• The movie "21", always "Express to Davis"

  • Discussion relating to commuter rail, light rail, and subway operations of the MBTA.
Discussion relating to commuter rail, light rail, and subway operations of the MBTA.

Moderators: CRail, sery2831

  by BigRock
 
There are two scenes in the movie 21 on the Red Line, and in both scenes the LED displays show "Express to Davis".

In the first scene, it is feasible he is express to Davis for some reason.

In the second scene, they stop at Quincy Center which is quite obviously not Express to Davis which is in the wrong direction.

Otherwise it was a fun movie!

  by Gerry6309
 
Most likelya result of film editing. Its not likely that a train at that point would ever be "Express to Davis"

  by mbta1051dan
 
People are so gullable that they do not realize anything about trains. For example, you could set a movie at Fullerton Station in LA. The characters would be waiting for an Amtrak train, and you could have a CSX AC6000CW running long hood forward, mixed freight and one old passenger car, and they wouldn't be able to tell the difference.

In short words, most moviegoers wouldn't give a damn about trains.

-Dan

  by jscola30
 
There was an episode of CSI passengers were on a mixed train, literally one Amtrak looking car in a freight train.

  by Veristek
 
mbta1051dan wrote:People are so gullable that they do not realize anything about trains. For example, you could set a movie at Fullerton Station in LA. The characters would be waiting for an Amtrak train, and you could have a CSX AC6000CW running long hood forward, mixed freight and one old passenger car, and they wouldn't be able to tell the difference.

In short words, most moviegoers wouldn't give a damn about trains.

-Dan
No joke? I have a hard time imaging people believing a mixed passenger train is an actual train. For example, if there was a consist like this:

UP AC4400CW - Superliner - Superliner - MBTA Kawaski - MBTA Kawaski - NJT Bi-level - Acela First Class - Acela First class - Red Line subway car - Orange line subway car - baggage car - baggage car...

How many people would believe that crazy mixed consist is an Amtrak or a commuter train?

  by e-m00
 
Veristek wrote:For example, if there was a consist like this:

UP AC4400CW - Superliner - Superliner - MBTA Kawaski - MBTA Kawaski - NJT Bi-level - Acela First Class - Acela First class - Red Line subway car - Orange line subway car - baggage car - baggage car...

How many people would believe that crazy mixed consist is an Amtrak or a commuter train?
You'd be surprised.

  by Ron Newman
 
Mixed passenger-freight trains existed up through the 1960s, though.

  by jamesinclair
 
Ron Newman wrote:Mixed passenger-freight trains existed up through the 1960s, though.
And i think they exist in Europe. Either I saw some very sad looking baggage cars, or I saw a train with room for freight

  by Arborway
 
Sequences are cobbled together from multiple takes filmed over an extended period of time. Normally, a lot of time and effort is spent to prevent continuity problems such as these, but when you've got a limited production budget / shooting time, it can be an issue.

And sometimes you just don't notice until it's far too late to do a damn thing about it. That, that is the worst feeling in the world.

  by Hebrewman9
 
mbta1051dan wrote:People are so gullable that they do not realize anything about trains. For example, you could set a movie at Fullerton Station in LA. The characters would be waiting for an Amtrak train, and you could have a CSX AC6000CW running long hood forward, mixed freight and one old passenger car, and they wouldn't be able to tell the difference.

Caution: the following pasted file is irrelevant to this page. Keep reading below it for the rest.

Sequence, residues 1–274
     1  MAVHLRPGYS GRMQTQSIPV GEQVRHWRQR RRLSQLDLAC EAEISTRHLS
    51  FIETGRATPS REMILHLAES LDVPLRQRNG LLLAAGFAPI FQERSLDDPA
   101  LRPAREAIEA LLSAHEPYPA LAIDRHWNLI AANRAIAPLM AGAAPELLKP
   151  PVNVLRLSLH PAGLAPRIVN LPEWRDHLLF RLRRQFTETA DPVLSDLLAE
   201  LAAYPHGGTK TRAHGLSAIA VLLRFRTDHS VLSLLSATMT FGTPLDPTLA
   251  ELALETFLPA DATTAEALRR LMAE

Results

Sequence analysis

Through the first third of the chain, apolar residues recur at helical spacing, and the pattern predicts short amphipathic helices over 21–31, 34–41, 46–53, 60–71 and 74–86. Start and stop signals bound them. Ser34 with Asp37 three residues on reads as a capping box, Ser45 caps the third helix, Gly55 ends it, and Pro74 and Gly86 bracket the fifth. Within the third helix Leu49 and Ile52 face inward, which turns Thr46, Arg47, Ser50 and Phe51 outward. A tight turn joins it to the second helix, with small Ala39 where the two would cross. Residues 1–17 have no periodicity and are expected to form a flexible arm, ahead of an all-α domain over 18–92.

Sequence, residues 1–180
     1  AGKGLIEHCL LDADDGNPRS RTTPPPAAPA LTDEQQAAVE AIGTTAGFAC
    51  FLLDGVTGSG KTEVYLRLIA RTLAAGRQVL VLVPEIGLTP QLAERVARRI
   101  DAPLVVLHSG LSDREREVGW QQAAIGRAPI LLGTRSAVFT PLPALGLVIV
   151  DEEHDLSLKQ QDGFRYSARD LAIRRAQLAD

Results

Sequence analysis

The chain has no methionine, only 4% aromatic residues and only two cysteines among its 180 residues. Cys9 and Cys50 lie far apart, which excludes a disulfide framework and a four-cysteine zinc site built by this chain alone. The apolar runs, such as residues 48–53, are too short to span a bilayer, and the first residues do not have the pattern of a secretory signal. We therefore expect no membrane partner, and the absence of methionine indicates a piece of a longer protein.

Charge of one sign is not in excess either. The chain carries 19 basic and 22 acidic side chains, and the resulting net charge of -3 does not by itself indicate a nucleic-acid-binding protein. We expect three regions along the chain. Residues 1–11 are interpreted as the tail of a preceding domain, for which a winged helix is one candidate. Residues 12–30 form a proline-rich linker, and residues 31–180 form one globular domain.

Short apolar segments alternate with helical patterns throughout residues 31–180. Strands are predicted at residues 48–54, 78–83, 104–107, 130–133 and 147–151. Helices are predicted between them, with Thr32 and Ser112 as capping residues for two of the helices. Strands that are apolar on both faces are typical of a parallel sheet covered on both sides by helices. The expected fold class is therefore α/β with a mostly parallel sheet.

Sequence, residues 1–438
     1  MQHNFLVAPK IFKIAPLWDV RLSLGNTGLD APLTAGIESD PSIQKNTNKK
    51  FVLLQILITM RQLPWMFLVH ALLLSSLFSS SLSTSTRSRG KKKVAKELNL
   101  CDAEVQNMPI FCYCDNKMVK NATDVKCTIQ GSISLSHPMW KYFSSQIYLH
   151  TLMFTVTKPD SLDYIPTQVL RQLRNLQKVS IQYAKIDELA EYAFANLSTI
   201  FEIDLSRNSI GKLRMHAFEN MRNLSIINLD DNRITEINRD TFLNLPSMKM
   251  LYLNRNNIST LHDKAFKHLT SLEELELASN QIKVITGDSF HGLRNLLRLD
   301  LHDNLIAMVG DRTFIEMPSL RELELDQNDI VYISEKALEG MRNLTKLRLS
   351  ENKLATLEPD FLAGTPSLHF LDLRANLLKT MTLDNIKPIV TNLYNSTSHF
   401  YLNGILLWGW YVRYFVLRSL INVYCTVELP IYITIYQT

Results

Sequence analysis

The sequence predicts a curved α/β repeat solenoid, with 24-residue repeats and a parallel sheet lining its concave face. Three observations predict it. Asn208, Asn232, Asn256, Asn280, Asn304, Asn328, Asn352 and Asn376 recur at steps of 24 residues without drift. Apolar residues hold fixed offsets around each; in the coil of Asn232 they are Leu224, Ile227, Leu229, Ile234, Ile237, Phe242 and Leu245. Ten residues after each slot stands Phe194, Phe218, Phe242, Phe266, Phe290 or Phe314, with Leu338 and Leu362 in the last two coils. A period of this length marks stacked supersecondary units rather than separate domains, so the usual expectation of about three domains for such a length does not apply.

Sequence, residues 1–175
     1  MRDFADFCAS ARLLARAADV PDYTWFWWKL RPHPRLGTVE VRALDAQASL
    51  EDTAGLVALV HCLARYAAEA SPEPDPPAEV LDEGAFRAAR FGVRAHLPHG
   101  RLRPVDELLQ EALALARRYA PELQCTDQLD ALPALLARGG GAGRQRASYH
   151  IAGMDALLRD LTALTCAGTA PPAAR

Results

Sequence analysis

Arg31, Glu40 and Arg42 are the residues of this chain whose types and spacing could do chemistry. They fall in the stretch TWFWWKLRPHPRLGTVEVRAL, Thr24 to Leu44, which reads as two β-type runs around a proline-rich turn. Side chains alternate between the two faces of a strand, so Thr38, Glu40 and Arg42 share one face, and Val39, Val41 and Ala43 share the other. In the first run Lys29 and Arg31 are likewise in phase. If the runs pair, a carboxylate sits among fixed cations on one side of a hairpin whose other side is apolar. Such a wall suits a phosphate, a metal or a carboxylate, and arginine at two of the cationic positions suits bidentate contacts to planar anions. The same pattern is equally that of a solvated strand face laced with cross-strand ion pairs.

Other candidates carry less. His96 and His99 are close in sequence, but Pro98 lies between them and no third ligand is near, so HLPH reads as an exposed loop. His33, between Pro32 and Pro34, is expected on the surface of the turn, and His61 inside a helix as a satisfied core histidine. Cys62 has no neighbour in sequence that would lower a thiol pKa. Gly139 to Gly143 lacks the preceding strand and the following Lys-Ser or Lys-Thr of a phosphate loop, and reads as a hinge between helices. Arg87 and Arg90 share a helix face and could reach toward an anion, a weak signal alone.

In short words, most moviegoers wouldn't give a damn about trains.

-Dan
Exactly. Very few people even notice, or care, about the train matter of a movie making sense. The directors of the movie don't care either- it's really a complete non-issue, because in most movies, having the right trains in the right places is completely unimportant.

  by AznSumtinSumtin
 
It's not a documentary; it's entertainment for the masses who just happen to not give a crap about trains.

  by CSX Conductor
 
mbta1051dan wrote:In short words, most moviegoers wouldn't give a damn about trains.

-Dan
Just like in Silver Streak where it shows Gene Wilder pulling a pin and the runaway locomotive doesn't go into emergency when the air hoses seperate, but the coach he's on does.

  by Gerry6309
 
The Orange Line shots in the "Brinks Job" are a classic example, as are the elevated shots in the opening of St. Elsewhere long after the el was gone.

  by caduceus
 
Gerry6309 wrote:The Orange Line shots in the "Brinks Job" are a classic example, as are the elevated shots in the opening of St. Elsewhere long after the el was gone.
Uh, the El was alive for most of the series. The show ran from 1982-1988 - the El closed in 1987. Doesn't make much sense to change the opening for all of one season.
  by concordgirl
 
BigRock wrote:There are two scenes in the movie 21 on the Red Line, and in both scenes the LED displays show "Express to Davis".

In the first scene, it is feasible he is express to Davis for some reason.

In the second scene, they stop at Quincy Center which is quite obviously not Express to Davis which is in the wrong direction.

Otherwise it was a fun movie!
Well if it makes you feel better they are equal opportunity offenders ;-) There's a lot of stuff about tons of non-train-related topics that is inaccurate in movies, or the continuity's off. It's fun to find it :) Personally I think Hollywood just loves to use the term 'Express' with anything train related. It's one of those magic words they'll slap on anything ;-) I think they might think all trains are expresses. Like, watch that horrible Darjeeling movie by Wes Anderson and the train sets (not consists, movie sets :) ) will completely disgust you. It ended up seeming like the point of them was to suck :P